Some cheer in the new year

With recession likely in the rear-view mirror, what’s next for commercial real estate?

January 25, 2023
  • Ryan Severino

Economic Insights returns from holiday break with much to cheer in the recent data. While the economy still faces notable headwinds in early 2023, recent releases demonstrate the underlying momentum and more of a mixed picture than many headlines suggest. The outlook for this year remains challenging and uncertain, but not unambiguously negative.

Goldilocks at work?

The most recent reading on the labor market provides some hope that inflation can slow without the need for significant labor market disruption. The labor market remained firm in December. Although net job gains continued to slow, they came in above expectations. With the labor participation rate rising slightly, the unemployment rate fell back to 3.5%, the lowest level in half a century. Reflecting this dynamic, weekly initial unemployment claims have also fallen back toward 200,000, a small number for a civilian labor force of roughly 165 million people. Nonetheless, average hourly earnings continued to decelerate. While we concede issues with that metric (relative to other measures of compensation), it nonetheless provides hope that inflation can cool without major job losses.


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Recent inflation readings also provide a bit of hope for that outcome as well. December’s consumer price index (CPI) report showed the first monthly decline in the headline index since May 2020. The core CPI continued to slow inconsistently on monthly basis. On a year-over-year basis both the headline and core indexes continued their downward trends. Inflation now appears past its peak, which likely occurred last summer. With major components rolling over, inflation should head downward at a faster pace in 2023 than in 2022.

Additionally, the headline producer price index (PPI) for final demand in December declined by 0.5%, below expectations and the greatest decline since April 2020. The core PPI also came in below expectations. Consequently, the year-over-year changes for both continued to decline, providing more evidence that inflation has passed its peak.

Consumers’ mixed signals

In recent weeks both the consumer sentiment and consumer confidence indexes notched higher, likely due to inflation cooling a bit. Additionally, the labor market remains tight, providing opportunities for the unemployed and those wishing to change jobs. A recent survey indicated that a large majority of workers are considering (if not outright desiring) a job change this year.

Despite consumers feeling a bit more upbeat, retail sales for December came in below expectations, falling for the second consecutive month. That follows our “watch what consumers do and not what they say” mantra. Certainly, consumer spending is slowing along with the overall economy. But we caution against reading too much into the recent data. The labor market remains tight and consumers have not fully exhausted their excess savings. Moreover, slowing inflation should support real consumer spending, even as it slows.

Humbug for business

Yet recent readings for the ISM indexes show that businesses are feeling less optimistic. Both the ISM Manufacturing and Services indexes for December came in below 50. That level represents contraction in activity. The Services index surprised, coming in well below expectations, and falling below 50 for the first time since May 2020 during the acute phase of lockdowns. This downturn in sentiment likely reflects the challenges that businesses face in the form of higher prices paid and higher interest rates. At a minimum, it represents a sign of slowing in economic activity. Reinforcing the issues in manufacturing, industrial production during December declined more than anticipated, driven by a noteworthy decline in manufacturing activity. While the manufacturing sector has been contracting for a number of months, the accelerated pace of decline hints at additional deterioration.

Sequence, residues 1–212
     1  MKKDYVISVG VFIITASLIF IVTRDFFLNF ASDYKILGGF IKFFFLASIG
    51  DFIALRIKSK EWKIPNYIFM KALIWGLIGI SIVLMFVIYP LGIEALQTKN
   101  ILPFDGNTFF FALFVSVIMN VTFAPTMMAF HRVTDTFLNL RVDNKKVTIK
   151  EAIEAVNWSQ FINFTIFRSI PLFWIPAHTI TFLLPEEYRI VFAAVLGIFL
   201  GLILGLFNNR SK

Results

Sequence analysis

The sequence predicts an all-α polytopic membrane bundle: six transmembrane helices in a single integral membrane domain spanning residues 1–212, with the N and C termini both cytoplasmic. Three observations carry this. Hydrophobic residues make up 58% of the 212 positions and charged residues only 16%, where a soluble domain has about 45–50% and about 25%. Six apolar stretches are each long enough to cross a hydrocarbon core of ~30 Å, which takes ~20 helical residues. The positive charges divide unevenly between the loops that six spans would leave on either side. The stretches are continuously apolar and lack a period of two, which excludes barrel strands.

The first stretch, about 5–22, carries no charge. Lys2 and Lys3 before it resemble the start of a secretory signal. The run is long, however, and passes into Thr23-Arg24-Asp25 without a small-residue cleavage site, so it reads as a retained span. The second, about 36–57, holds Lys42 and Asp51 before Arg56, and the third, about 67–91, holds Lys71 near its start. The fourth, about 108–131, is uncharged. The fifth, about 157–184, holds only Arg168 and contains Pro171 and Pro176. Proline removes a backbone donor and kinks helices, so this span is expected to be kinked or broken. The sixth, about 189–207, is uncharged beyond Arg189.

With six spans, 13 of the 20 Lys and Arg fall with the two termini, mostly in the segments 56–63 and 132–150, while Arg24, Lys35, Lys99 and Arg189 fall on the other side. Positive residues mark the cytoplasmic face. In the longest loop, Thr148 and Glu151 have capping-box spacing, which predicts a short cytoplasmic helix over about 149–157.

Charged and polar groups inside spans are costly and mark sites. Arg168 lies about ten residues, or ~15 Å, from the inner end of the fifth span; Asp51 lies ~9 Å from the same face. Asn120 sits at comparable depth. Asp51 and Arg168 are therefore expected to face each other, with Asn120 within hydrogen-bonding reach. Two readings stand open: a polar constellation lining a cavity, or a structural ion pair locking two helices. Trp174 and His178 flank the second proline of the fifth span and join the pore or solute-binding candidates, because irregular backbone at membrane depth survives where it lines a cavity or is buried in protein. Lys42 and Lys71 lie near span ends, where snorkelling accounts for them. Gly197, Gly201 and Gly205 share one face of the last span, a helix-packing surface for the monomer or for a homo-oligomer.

Debt Ceiling Debacle. Again.

Last week the U.S. reached its statutory debt limit of $31.4 trillion. That resulted in a series of extraordinary measures to avoid defaulting on government debt. Some measures will kick in right away and some will play out over time. The government really has until tax season ends (once it has a chance to review its revenues) to know how long it can pay its obligations, probably until at least June. But with a divided government seemingly dug in, the battle over the debt ceiling should prove more contentious than any time since 2011 when the battle resulted in a downgrade of U.S. government debt. The Republicans want spending cuts in exchange for raising the ceiling while the Democrats and the White House want a clean bill. Buckle up, it is likely to get bumpy.

What it means for CRE

The commercial real estate (CRE) market has weathered the slowdown in the economy relatively well. While certain components have gotten hit harder than others, the sector overall is enduring. That said, additional signs of slowing are emerging as the economy slows. Property types that experienced strong demand over the last few years, such as industrial and apartment, are normalizing. Property sectors that have experienced more nuanced performance, such as retail and office, should see those nuances persist and likely widen, with noteworthy differences in performance by subtype, quality and location.

Thought of the week

Recent research shows that salary transparency laws reduce inequity, but also flatten pay ranges, with a smaller difference between high and low performers.

Contact Heather Filkins

Editorial and Content Director, Content Marketing